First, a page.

Top 5 Rio de Janeiro activities on a budget
Updated: Jul 28, 2020
Free walking tour
This has got to be my Number One travel tip for literally any city! It's such a great way to get an overview of a place, and learn a bit of history, often including some awesome insider tips (our guide was so interesting I asked her about racism in Brazil, the truth about Favelas and got some local tips on the nightlife).
Me and Grace on the Lapa steps.
We went with free walker tours on their Downtown and Lapa tour: https://freewalkertours.com/rio-de-janeiro/tours/free-walking-tour-downtown-and-lapa/.
I would highly recommend them, as the guide was great, the route was varied, and they give a discount for their Lapa pub crawl. This was our best night in Rio, it starts in a Cachaça distillery where you can press your own sugar cane and ends at the best local Samba club with a live band (our guide even gave us dance lessons!)
Me enjoying my samba lesson.
Obviously with any free walking tour the guides rely on your tips else they don't get paid, so it would be rude to not give anything for their time. But you can pay them based on your experience of the tour and your budget.
2. Walk to Christ the Redeemer
Christ The Redeemer is one of the most famous landmarks of Rio! Not only does it have spectacular views of the whole city from the top, it is situated in a national park filled with rainforest with the possibility of spotting marmosets and capuchin monkeys. The hike is pretty steep, you follow the yellow footprint signs, hiking past waterfalls and even climb up a ladder built into the rockface.
Stopped for a rest by one of the waterfalls (why do I look so sassy? I blame the heat).
You have the option to go via the visitors centre or you can carry on up to the statue and pay your entry up there (we opted for a needed coffee stop at the visitors centre!). It is a steep but doable hike that took us around 3h round trip, we left early at around 6am to beat both the heat and the tourists. Hiking is also a much cheaper way of viewing the statue; entry cost for hikers is £4 whereas by train the cost is £12 and by van £7-Note you need to pay by cash.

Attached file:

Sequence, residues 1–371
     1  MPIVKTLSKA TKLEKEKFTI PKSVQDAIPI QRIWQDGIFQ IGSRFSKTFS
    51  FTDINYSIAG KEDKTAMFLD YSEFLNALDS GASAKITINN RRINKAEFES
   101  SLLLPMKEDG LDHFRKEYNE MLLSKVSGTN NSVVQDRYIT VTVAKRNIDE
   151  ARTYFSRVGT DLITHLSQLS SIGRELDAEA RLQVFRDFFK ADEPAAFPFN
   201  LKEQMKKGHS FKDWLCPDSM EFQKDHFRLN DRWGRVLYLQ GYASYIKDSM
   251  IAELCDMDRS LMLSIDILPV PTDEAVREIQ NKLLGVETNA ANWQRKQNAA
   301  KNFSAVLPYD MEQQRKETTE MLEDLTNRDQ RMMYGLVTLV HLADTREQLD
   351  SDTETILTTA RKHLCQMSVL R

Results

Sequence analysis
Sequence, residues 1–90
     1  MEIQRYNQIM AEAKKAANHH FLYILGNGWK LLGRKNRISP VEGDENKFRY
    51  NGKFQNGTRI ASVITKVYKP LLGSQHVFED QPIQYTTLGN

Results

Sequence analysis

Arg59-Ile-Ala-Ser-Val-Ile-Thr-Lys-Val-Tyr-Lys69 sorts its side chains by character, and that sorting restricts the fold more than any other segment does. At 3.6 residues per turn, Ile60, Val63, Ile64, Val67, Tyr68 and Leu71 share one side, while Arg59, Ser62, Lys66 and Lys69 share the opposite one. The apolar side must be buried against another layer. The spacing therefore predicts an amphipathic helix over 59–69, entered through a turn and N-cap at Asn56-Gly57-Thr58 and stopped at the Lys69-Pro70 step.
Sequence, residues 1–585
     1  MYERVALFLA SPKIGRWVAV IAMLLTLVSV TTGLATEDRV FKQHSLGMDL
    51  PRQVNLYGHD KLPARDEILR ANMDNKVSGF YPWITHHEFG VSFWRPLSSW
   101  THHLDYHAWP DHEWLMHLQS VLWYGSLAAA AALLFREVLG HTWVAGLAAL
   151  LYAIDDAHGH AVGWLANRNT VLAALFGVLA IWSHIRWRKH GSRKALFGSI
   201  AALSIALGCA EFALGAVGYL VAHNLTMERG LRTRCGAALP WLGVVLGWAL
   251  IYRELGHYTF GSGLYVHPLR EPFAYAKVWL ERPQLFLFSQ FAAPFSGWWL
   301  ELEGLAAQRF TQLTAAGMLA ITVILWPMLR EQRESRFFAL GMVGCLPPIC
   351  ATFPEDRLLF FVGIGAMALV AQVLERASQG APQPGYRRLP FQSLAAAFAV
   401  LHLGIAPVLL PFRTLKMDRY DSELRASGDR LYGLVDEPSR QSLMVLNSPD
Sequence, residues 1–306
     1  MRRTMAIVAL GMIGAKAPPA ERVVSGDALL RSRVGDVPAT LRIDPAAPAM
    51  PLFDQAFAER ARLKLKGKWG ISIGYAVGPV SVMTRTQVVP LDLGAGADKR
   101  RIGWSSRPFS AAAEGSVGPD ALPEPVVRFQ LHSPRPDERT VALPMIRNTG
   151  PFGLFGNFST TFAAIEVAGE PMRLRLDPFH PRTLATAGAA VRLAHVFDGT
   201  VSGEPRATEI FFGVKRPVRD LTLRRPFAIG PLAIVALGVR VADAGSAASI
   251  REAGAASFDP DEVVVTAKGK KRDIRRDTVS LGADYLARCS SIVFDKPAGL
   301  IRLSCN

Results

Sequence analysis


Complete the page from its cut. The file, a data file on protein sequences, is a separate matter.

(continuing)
Views from the statue
Several websites advise to take care on the hiking trail as several people have been mugged for their possessions. When we went, we felt safe the whole time and although the trail wasn't busy we saw a few other tourists, and we signed in and out of the trail at the ranger's hut at the bottom in Parque Lage. We also had an app where we downloaded the trail route offline in case we were lost, but we didn't really need it as the trail was well signed and easy to follow.
3. Watch the sunset at Ipanema Beach
Arpoador is a rock sticking out from the beach at Ipanema where locals gather for the sunset. It's a beautiful spot with street performers, stalls and a striking view of the city and the sun setting below the mountains behind it. Best of all it's free! Make sure you check the sunset time and get there an hour or so before to see the best bit.
Sunset from Arpoador rock.
4. Try the local delicacies
Eating out on a budget is pretty easy in Rio, especially when there's so much nice street food! One of our favourites were the little cheese-filled dough balls pão de queijo, which we tried for the first time at a tiny vegetarian restaurant called Cultivar, where I also tried cashew nut juice after being persuaded by a very enthusiastic local.
The pão de queijo in Cultivar.
Another firm favourite was our morning Acai Cuco at the downstairs street food vendor; this is a frozen acai berry smoothie served with granola.
And finally the Caprinha, a delicious cocktail based on the local sugar-cane rum Cachaça, which you can find literally everywhere. Our favourite was brought to us on Copacabana beach at the end of a long day hiking.
A well-deserved Caprinha on the beach.
5. Don't be afraid to take an Uber
Hear me out. Normally I hate taking taxis, it's such an unnecessary expense and I often think you see more of the city if you go by public transport. However, the metro in Rio doesn't go to a large part of the city and the bus routes can be tricky to understand and not that much cheaper. Plus in a city like Rio you definitely need to consider safety, and both our Air BnB host and our Brazilian friend advised us against using public transport after dark.
Rio Metro map, as you can see hardly any lines.
Luckily in Rio the Ubers seem to be so much cheaper than at home, and as 2 young women we never had any issues or felt unsafe.
Just as an example, a journey from Botofogo to Santa Teresa cost 7 Brazillian Real (around £1) and from Lapa to Botofogo at 1am cost 14 Real (£2), and were even cheaper if we fair split. For comparison, a single bus ticket is 4 Real, and a single metro ticket just over 4 Real.
Rio is such an awesome city, and the people are so friendly. Definitely an unforgettable place to visit.
Total cost £28- Ubers £10, Sunset at Arpoador FREE, Beach Caprinha £2.50, pão de queijo 50p, Acai Cuco £1, Walking tour £TIP (we gave around £10 each), Entry to Corcovado £4 for hikers.